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TCL’s new Pricing the Cloud 2 report finds that average cloud computing pricing for enterprises has fallen by two-thirds since 2014, cloud pricing though is now starting to stabilise.

Published: Mon 11 January 2016

Tariff Consultancy Ltd (TCL has published its Pricing the Cloud 2 – 2016 to 2020 report, which includes a survey of published cloud pricing from more than 20 public cloud providers worldwide. It is an extensive update of the original TCL Pricing the Cloud report published in 2014, and reveals that average entry-level cloud computing pricing has declined by some 66 per cent over the last two year period to November 2015.  

The decline in cloud pricing reflects in part the intense competition between public cloud computing providers, and also the rapid product innovation that is taking place among the key worldwide platform providers.


The market for cloud computing products remains dominated by AWS which has a quarter of the IaaS segment, followed by Microsoft Azure. AWS has a record of consistent product innovation with over 500 product features launched since 2008, and continues to provide new services, including a recently announced cloud service to support the Internet of Things (IoT).


TCL calculates that the average entry-level cloud computing Instance is now at USD $0.12 per hour (based on Windows OS). The range of pricing available has narrowed over the past 2 year period, as cloud computing providers such as Rackspace Hosting and others have reduced their rates towards the levels charged by the global cloud providers - such as AWS, Microsoft Azure and Google.     


TCL’s research finds that the reduction in pricing continue to drive cloud adoption. Cloud services are now being used by enterprises across a range of their critical applications. Although enterprise cloud adoption differs significantly by country – according to a Eurostat survey of the EU-28 countries published in 2015 for example, Italian businesses have a cloud penetration rate of 40 per cent, but German businesses by contrast have a reported cloud penetration rate of 12 per cent.


The cost of introducing private cloud services is also falling, which is encouraging the large enterprise to adopt a hybrid cloud infrastructure. TCL has also identified a key trend for Data Centre companies, IT Integrators and some Telecom Providers to become the integrator of multiple cloud services – with BT Global Services for example positioning itself as the chosen integrator of the “cloud of clouds” for large businesses.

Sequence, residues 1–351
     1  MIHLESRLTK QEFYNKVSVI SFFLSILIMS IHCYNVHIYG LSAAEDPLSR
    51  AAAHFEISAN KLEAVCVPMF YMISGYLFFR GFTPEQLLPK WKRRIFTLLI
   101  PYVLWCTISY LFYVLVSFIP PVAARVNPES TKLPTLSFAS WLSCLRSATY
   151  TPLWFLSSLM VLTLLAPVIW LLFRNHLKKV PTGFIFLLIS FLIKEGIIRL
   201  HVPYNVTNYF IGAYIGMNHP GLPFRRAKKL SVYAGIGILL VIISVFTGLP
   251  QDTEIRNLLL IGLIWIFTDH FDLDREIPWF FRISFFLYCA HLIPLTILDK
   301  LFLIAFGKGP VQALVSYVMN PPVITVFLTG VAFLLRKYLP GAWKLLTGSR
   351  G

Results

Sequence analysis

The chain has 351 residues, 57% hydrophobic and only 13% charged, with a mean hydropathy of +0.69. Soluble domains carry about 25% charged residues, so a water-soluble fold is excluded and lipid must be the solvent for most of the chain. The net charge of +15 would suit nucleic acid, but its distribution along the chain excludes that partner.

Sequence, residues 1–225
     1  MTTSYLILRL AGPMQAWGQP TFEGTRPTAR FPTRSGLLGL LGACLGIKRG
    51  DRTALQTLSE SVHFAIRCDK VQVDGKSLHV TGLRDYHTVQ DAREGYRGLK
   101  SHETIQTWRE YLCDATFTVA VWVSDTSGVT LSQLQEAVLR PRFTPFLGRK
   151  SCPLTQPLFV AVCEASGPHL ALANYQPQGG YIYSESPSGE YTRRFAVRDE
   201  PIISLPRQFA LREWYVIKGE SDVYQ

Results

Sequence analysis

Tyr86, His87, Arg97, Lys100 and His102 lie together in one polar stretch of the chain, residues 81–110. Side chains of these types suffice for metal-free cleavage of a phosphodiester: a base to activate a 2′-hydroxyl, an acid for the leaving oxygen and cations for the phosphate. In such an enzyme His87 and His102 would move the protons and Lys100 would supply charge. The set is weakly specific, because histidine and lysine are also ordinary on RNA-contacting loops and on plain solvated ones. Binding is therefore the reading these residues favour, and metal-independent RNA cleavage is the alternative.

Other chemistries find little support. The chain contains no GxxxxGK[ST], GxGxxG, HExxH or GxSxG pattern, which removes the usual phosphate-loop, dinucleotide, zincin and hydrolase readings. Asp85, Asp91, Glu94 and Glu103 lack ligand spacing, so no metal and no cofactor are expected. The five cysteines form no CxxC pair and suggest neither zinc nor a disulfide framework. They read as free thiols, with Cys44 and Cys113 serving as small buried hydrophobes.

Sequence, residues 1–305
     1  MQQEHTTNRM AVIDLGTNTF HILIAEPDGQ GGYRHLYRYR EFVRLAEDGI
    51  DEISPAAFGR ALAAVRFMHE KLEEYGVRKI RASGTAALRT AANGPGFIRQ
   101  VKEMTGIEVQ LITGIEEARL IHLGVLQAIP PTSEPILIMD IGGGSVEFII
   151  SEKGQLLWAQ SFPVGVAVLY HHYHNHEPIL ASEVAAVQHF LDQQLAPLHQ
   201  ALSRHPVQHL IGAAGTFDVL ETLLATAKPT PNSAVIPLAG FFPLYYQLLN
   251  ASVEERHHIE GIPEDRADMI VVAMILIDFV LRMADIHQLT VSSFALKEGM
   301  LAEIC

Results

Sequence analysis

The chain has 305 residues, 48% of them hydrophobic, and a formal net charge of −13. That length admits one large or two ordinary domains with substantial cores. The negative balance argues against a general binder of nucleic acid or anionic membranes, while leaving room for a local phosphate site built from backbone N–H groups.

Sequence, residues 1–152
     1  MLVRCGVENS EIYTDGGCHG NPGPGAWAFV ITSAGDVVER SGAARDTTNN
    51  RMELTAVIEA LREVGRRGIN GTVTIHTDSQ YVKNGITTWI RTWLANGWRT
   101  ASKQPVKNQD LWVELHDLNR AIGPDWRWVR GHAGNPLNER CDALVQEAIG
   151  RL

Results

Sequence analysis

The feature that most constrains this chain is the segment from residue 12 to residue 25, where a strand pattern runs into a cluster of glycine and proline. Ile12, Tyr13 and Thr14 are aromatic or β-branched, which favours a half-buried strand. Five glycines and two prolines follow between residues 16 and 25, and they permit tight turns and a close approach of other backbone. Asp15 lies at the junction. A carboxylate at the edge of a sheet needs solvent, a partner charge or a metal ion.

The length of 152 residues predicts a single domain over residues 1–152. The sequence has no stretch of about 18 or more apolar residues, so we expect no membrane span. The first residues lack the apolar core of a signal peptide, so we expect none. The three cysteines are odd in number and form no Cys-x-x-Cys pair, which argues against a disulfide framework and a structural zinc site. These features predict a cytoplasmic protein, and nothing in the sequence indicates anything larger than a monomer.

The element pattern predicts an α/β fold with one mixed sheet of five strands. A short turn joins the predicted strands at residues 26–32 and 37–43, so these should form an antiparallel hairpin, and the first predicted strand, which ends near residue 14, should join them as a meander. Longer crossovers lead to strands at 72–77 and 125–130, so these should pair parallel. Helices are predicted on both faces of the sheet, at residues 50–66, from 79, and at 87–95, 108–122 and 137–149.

BT is following the lead of the IT Integrator – including professional service firms CSC and Accenture – who are also partnering with leading cloud providers, particularly AWS, in order to provide cloud migration services and hybrid secure clouds for large enterprises rather than develop their own competing public cloud services.   


Into 2016 the cost of the public cloud appears to have reached a price point which is now relatively stable. For example, both AWS and Microsoft are offering a similar entry level Compute Instance, with other cloud providers following with similar pricing. In the 2014 cloud survey, TCL found that both companies were offering free initial tier Compute Instances, but more recent cloud pricing has become more rational with free pricing limited to a one month or three month promotional period.


The emphasis by the cloud computing provider is now increasingly on service innovation, not price. The global cloud platform providers (including AWS, Microsoft & Google) now offer a wide range of Compute Instances suitable for intensive computing, memory, content and fast I/O applications. Cloud providers are introducing analytical services available for cloud computing applications and are now offering cloud for the emerging Internet of Things (IoT).


New cloud services are being introduced to cater for specialized customer requirements as a means of avoiding price commoditization. However, the market share and computing power of AWS gives the company a considerable advantage in providing economies of scale which are passed on to the end user, with a claimed reduction in AWS cloud pricing made on 50 separate occasions since launch in 2008 – on average once a quarter over a 7 year period.


TCL forecasts that average public cloud pricing will fall by some 14 per cent over the four year period from 2016 to 2020 – but with less intense price competition over the period.


TCL also anticipates that revenues for public cloud services will increase rapidly over the same period by more than three times to some USD $82 billion.


Notes to the Editor:

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About the TCL Pricing the Cloud 2 – 2016 to 2020 report
: The TCL Pricing the Cloud 2 – 2016 to 2020 report surveys the current trends and pricing for global cloud computing providers (including: AWS, AT&T, Biznet, BT, CAT Telecom, CenturyLink, Citrix, Dimension Data, Fujitsu, Joyent, Microsoft Azure, Oracle, OVH, Sungard AS,, IBM SoftLayer, Google, iomart, Rackspace Hosting, SAP, PLDT, VMware, Verizon & Vodafone). The report also provides a pricing and revenue forecast for cloud providers from 2016 to 2020.

The report costs GBP £1,595 for a single user licence. Further information on the report is available on the TCL website at: or at


About TCL (Tariff Consultancy Ltd): TCL is a London-based international telecoms research and consultancy firm which provides telecoms pricing and Tariff Tracker services for telecoms providers and organisations over the world. TCL publishes a range of Tariff Tracker subscription services and reports on mobile, fixed line and Data Centre pricing which are based on TCL’s unique pricing database. Further information on TCL and our services are available from the TCL website at: or at

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